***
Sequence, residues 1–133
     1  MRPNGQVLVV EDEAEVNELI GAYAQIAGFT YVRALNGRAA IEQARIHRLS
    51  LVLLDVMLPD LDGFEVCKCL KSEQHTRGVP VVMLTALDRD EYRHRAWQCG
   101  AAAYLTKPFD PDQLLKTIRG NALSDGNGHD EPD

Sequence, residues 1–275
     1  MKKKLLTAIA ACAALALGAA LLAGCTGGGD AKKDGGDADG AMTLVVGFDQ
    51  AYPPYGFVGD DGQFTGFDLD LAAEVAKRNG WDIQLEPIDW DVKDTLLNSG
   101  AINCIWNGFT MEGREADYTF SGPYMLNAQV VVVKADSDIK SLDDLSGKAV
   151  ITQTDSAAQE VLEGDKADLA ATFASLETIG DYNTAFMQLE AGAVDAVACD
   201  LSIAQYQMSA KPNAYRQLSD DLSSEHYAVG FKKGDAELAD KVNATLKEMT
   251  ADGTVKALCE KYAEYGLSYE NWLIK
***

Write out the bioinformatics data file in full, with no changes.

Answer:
Sequence, residues 1–133
     1  MRPNGQVLVV EDEAEVNELI GAYAQIAGFT YVRALNGRAA IEQARIHRLS
    51  LVLLDVMLPD LDGFEVCKCL KSEQHTRGVP VVMLTALDRD EYRHRAWQCG
   101  AAAYLTKPFD PDQLLKTIRG NALSDGNGHD EPD

Sequence, residues 1–275
     1  MKKKLLTAIA ACAALALGAA LLAGCTGGGD AKKDGGDADG AMTLVVGFDQ
    51  AYPPYGFVGD DGQFTGFDLD LAAEVAKRNG WDIQLEPIDW DVKDTLLNSG
   101  AINCIWNGFT MEGREADYTF SGPYMLNAQV VVVKADSDIK SLDDLSGKAV
   151  ITQTDSAAQE VLEGDKADLA ATFASLETIG DYNTAFMQLE AGAVDAVACD
   201  LSIAQYQMSA KPNAYRQLSD DLSSEHYAVG FKKGDAELAD KVNATLKEMT
   251  ADGTVKALCE KYAEYGLSYE NWLIK